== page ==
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    #Ricegate: Did Former National Security Adviser Rice Really Cross the Red Line?

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    Former national security adviser Susan Rice has come under heavy criticism for reportedly seeking to "unmask" the identities of Donald Trump’s transition officials incidentally swept up by the intelligence community. Wall Street analyst Charles Ortel commented on the looming scandal in his interview with Sputnik.

    Former Obama administration national security adviser Susan Rice has found herself in an awkward position after Eli Lake of Bloomberg disclosed that she had made multiple requests to "unmask" US persons in intelligence reports related to Trump transition activities.

    Only two weeks ago Rice insisted in a PBS interview that she didn't know whether Trump transition officials could have been "swept up in surveillance of foreigners" in the last few months of the Obama administration.

    On March 22, House Intelligence Committee Chairman Devin Nunes confirmed that the intelligence community "incidentally collected information about US citizens involved in the Trump transition."

    Speaking Tuesday to MSNBC's Andrea Mitchell, Rice admitted that "it wasn't uncommon" to make such requests. Still, according to Rice, it was "absolutely not for any political purposes."

    "There were occasions when I would receive a report in which a US person was referred to, name not provided, just a US person, and sometimes in that context in order to understand the importance of that report, and assess its significance, it was necessary to find out or request the information as to who that US official was," the former national security adviser said.

    As Howard Kurtz of Fox News remarked on the matter, Rice has "now gone from professed ignorance to nothing improper."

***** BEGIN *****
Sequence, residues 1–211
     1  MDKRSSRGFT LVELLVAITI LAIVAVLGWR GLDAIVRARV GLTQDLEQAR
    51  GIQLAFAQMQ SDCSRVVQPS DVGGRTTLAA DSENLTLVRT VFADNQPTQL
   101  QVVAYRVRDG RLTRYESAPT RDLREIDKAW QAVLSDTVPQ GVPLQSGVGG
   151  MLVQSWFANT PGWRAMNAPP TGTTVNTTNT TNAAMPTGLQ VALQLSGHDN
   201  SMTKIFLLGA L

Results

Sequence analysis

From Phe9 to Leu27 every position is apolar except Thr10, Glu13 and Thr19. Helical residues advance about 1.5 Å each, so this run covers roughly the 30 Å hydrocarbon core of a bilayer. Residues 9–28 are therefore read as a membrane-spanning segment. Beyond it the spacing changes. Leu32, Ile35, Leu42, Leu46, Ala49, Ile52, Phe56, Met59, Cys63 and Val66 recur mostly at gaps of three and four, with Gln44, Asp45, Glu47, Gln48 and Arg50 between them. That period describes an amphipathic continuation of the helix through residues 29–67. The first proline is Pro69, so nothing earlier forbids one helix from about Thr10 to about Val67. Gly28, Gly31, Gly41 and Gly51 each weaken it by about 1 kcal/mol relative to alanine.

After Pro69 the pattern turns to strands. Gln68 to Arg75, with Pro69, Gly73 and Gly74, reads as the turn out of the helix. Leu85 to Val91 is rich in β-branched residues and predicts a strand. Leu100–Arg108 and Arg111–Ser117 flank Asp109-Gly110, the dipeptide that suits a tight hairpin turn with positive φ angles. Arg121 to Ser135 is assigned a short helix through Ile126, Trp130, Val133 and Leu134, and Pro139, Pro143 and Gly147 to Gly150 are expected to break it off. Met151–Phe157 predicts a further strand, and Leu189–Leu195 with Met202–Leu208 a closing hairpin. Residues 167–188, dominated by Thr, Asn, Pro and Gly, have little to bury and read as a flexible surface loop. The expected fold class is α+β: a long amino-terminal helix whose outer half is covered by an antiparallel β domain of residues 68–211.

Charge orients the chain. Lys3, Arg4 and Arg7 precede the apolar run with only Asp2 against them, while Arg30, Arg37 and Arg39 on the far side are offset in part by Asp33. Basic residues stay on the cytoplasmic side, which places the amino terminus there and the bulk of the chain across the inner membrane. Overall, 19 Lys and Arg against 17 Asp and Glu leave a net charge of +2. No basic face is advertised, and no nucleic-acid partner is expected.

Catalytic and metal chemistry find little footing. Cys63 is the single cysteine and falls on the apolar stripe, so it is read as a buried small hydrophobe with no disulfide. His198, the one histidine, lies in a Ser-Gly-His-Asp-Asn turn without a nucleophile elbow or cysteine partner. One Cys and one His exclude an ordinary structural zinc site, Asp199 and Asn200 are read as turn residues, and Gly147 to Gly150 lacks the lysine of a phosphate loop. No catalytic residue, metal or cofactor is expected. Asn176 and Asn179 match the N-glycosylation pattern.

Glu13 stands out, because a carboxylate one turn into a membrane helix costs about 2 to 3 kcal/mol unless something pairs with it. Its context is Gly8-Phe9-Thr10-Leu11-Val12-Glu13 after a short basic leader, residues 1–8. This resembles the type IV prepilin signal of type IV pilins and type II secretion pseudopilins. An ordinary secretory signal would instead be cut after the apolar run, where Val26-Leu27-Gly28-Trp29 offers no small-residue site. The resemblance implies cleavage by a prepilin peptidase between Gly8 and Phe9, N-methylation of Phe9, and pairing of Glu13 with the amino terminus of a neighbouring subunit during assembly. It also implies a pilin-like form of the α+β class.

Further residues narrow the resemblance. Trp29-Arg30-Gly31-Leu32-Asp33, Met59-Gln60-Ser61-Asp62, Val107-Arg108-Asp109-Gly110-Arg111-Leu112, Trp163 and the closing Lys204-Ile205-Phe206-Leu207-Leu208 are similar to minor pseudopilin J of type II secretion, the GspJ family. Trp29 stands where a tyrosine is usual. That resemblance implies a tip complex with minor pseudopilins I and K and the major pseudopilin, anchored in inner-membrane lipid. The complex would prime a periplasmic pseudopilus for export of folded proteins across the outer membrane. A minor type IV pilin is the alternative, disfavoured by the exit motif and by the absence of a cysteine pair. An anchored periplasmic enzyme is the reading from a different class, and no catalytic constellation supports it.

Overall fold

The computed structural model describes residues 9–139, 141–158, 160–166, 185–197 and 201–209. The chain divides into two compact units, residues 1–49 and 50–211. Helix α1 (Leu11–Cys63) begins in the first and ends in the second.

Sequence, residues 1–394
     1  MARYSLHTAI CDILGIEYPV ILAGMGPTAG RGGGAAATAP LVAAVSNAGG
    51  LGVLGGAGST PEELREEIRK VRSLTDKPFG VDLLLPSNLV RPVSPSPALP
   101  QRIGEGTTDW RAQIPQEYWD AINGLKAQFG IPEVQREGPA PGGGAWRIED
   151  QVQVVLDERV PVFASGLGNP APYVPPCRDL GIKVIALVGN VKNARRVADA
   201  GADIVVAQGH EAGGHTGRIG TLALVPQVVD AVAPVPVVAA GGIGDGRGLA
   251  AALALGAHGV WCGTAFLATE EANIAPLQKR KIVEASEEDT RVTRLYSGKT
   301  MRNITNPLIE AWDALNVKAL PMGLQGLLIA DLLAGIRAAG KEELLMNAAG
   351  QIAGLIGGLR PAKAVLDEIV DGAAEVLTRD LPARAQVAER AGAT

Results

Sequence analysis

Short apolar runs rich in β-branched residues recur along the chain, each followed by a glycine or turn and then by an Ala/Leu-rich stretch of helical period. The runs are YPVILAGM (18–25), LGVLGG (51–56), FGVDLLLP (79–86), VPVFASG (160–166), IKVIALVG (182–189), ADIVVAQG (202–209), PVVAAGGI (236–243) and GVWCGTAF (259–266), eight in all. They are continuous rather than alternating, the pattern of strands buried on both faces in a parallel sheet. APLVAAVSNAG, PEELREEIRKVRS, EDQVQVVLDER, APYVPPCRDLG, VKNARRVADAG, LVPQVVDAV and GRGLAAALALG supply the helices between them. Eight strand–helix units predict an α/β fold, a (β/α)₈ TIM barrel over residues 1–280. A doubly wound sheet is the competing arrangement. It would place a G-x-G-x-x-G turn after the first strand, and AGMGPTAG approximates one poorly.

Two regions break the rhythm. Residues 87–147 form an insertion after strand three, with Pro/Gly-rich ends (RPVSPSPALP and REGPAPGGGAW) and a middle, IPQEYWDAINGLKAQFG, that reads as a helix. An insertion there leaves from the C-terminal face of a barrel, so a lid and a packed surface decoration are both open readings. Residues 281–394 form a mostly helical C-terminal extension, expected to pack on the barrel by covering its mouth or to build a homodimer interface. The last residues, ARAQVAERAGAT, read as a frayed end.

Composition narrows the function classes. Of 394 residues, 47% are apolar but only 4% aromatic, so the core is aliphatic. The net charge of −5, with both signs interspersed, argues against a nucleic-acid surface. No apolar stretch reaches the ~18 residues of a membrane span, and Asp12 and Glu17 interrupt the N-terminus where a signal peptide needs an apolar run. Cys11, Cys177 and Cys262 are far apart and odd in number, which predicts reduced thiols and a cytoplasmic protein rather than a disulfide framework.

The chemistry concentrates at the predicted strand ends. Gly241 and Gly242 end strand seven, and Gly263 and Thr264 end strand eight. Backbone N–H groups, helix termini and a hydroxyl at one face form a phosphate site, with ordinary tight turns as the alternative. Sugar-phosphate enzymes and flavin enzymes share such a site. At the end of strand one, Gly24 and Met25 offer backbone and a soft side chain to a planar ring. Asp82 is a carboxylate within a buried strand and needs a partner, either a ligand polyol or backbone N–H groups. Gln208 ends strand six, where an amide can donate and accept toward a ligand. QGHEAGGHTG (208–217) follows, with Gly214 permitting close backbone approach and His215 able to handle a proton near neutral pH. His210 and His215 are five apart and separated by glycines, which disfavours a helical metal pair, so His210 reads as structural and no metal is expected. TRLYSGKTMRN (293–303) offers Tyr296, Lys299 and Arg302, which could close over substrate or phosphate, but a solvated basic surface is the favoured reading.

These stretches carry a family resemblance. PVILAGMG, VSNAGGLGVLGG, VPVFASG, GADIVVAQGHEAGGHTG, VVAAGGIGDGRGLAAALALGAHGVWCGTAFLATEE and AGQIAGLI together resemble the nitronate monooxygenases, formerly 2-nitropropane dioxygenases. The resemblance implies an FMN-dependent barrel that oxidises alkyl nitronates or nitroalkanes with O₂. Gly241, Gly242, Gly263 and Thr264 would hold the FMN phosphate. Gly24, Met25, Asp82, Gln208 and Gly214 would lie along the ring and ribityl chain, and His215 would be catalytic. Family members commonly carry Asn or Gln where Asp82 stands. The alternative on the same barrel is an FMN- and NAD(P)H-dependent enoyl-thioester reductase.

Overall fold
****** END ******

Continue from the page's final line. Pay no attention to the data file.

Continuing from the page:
However, Rice's actions raise a lot of questions, observers argue.

    New York Post columnist Michael Goodwin calls attention to the fact that although Rice denied either leaking details about "unmasked" Trump transition officials to the media or using this information for political purposes, facts prove otherwise.

    Goodwin noted that surveillance information involving at least three people related to Trump's team — Gen. Michael Flynn, Attorney General Jeff Sessions and Jared Kushner — has been recently leaked to the media and used to rock Trump's boat.

    Commenting on the issue, American pundit Tucker Carlson tweeted Tuesday: "Let's drop the euphemisms. Monitoring the conversations of your political opponents, isn't 'incidental collection.' It's spying."

    ​Sputnik asked Charles Ortel, a Wall Street analyst who exposed financial fraud at General Electric ahead of the 2008 financial crisis, to comment on the issue.

    Did Susan Rice really cross the red line?

    "The first issue is what was the nature of the inquiry that led to identifying US persons as having been in contact with foreign nationals…. Specifically by what authority were branches of our government surveilling foreign nationals, and what national security interests were at stake? We have heard one story, that Russia and Russian interests were suspected of interfering in the 2016 election. And we have recently heard a conflicting story that the national security inquiry that led to identifying US persons had nothing to do with Russia. What is the truth?" Ortel asked referring to Nunes' March 22 press conference.

    Indeed, during the conference Nunes highlighted that "none of this surveillance [incidentally collected on Trump's associates] was related to Russia or the investigation of Russian activities or of the Trump team."

    "If there was a valid National Security investigation (not a politically inspired witch hunt), then Rice had every right to know the names of US persons who may have been caught up in surveillance. However, she also had legal duties to protect the identities of US persons," Ortel told Sputnik.

    The Wall Street analyst remarked that the Obama administration "played loose with laws from the beginning."

    "Walking illegal guns into Mexico ('Fast and Furious'), then lying about dread consequences. Investigating Fox News anchor James Rosen and his family under false pretenses, then lying about it. Sticking the IRS on conservative charities but letting the Clinton charity frauds escalate, and lying about it. Entering Libya and other unstable nations to foment regime change, and lying about it. I could go on," he said.